James T. Dixon, Jr. State Public Defender, Louisiana Public Defender Board
James 'Jay' Dixon is the State Public Defender and member of the Louisiana Public Defender Board. Dixon was born at the United States Military Academy in West Point, NY into an army family. He moved throughout his childhood and graduated from high school in Madrid, Spain. After graduating from Bucknell University, he enrolled at Loyola Law School in New Orleans to pursue a law degree. Since graduating, his legal experience has been diverse. Mr. Dixon served as a law clerk at the Louisiana Supreme Court for former Justice Pike Hall. He had a private practice in New Orleans, while serving with the Jefferson Parish Public Defender's Office as contract counsel and later joined the St. John Parish Public Defender Office as a full-time line defender. He then served as the Attorney General for the Republic of Palau, a small island nation in the Pacific Ocean. Upon his return to the United States, Mr. Dixon was the Judicial Administrator for the 12th Circuit Court for the State of Virginia. After Hurricanes Katrina and Rita, he and his wife felt compelled to return to Louisiana.He accepted a position as a contract defender for the Lafayette Parish Public Defender Office. He was later selected and accepted the position of District Defender for the Parishes of Calcasieu and Cameron where he has served from January 2011 through November 2013. He is married and has two beautiful children.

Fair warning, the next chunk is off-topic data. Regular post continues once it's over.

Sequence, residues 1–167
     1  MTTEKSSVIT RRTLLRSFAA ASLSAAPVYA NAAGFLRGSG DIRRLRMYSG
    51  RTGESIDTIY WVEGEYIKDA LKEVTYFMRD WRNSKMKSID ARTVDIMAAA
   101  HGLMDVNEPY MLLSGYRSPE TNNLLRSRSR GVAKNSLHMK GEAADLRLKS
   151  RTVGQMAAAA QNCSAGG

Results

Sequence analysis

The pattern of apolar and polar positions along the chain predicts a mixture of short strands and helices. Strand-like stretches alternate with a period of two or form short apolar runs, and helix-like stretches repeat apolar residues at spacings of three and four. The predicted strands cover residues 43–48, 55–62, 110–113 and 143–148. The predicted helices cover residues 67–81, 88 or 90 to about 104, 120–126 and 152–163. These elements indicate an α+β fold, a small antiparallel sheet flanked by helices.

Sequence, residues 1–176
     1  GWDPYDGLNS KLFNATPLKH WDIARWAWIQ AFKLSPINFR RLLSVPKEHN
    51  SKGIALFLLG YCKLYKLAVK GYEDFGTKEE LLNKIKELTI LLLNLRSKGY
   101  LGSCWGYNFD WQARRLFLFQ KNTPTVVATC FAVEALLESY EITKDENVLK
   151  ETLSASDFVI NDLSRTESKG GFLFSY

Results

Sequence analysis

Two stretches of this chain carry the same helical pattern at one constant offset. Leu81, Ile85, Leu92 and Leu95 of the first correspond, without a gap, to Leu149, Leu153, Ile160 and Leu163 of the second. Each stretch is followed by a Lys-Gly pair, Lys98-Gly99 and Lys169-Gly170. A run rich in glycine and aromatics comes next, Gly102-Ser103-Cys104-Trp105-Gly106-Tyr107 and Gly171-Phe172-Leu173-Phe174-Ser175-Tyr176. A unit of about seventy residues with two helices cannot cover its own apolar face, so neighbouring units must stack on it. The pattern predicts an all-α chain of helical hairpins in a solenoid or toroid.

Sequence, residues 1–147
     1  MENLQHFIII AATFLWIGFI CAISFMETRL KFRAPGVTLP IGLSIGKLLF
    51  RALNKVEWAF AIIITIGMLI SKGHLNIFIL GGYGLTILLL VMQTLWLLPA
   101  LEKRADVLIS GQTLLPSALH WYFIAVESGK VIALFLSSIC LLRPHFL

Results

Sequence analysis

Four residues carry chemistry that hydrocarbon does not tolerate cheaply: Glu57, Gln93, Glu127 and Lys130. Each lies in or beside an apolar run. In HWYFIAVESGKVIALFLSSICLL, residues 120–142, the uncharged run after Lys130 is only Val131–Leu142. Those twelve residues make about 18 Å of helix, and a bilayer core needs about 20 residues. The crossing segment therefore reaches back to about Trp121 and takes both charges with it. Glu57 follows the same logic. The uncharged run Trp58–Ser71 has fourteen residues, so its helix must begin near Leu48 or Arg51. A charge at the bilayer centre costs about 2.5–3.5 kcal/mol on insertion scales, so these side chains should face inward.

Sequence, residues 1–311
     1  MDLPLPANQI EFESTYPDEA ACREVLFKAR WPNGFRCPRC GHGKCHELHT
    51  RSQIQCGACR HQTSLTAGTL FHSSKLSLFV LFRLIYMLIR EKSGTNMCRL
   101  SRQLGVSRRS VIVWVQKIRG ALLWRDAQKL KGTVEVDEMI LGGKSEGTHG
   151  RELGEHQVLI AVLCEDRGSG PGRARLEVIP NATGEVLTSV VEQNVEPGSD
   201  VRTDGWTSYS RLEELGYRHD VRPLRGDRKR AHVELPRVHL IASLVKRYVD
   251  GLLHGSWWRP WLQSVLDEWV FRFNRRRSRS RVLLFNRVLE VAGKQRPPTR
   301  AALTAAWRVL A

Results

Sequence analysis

Are the criminal justice reforms working as intended?
In 2017, Louisiana’s legislature passed the Justice Reinvestment Act, which sought to reduce the state’s highest-in-the-nation incarceration rate. The bill was championed by Democratic Governor John Bel Edwards and received bipartisan support including from community and business leaders. Now, just over a year later, the legislation has become a political football. State Attorney General Jeff Landry and Senator John Kennedy, both Republicans considering a run against Edwards in 2019, suggest that the reform package is a failure. They cite murders committed by two inmates released since the Act’s implementation.
Are the criminal justice reforms working as intended? Has the legislation put more residents in harm’s way or are plea deals part of the problem?
Louisiana Public Square looks for answers to these questions and more on “Revisiting Reform” Wednesday, September 26 at 7pm on LPB and in New Orleans on WLAE.
Louisiana Public Square can also be heard on public radio stations WRKF in Baton Rouge; Red River Radio in Shreveport and Monroe; and WWNO in New Orleans. Check their station websites for schedule.